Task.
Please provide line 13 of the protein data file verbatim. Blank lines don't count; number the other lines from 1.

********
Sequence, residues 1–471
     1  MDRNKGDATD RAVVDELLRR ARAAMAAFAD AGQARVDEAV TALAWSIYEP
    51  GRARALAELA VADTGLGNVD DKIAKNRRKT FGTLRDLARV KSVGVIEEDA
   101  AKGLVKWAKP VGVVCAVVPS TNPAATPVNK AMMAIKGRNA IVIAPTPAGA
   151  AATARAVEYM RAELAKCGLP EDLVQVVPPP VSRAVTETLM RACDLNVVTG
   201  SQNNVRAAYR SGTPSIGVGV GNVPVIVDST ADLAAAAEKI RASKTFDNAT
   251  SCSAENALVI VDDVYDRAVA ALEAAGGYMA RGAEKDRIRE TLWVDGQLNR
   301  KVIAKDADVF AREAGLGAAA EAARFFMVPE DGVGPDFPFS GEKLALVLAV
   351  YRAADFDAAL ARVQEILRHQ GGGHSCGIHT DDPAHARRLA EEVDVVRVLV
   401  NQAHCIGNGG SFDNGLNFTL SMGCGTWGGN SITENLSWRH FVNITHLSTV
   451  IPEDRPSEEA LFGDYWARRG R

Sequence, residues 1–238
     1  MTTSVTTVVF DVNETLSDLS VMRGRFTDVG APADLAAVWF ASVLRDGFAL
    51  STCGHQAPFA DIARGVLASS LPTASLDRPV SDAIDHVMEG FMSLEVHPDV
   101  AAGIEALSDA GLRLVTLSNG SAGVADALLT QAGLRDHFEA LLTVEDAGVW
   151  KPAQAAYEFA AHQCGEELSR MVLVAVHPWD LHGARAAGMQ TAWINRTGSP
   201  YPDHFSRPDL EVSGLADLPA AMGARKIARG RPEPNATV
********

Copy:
     1  MTTSVTTVVF DVNETLSDLS VMRGRFTDVG APADLAAVWF ASVLRDGFAL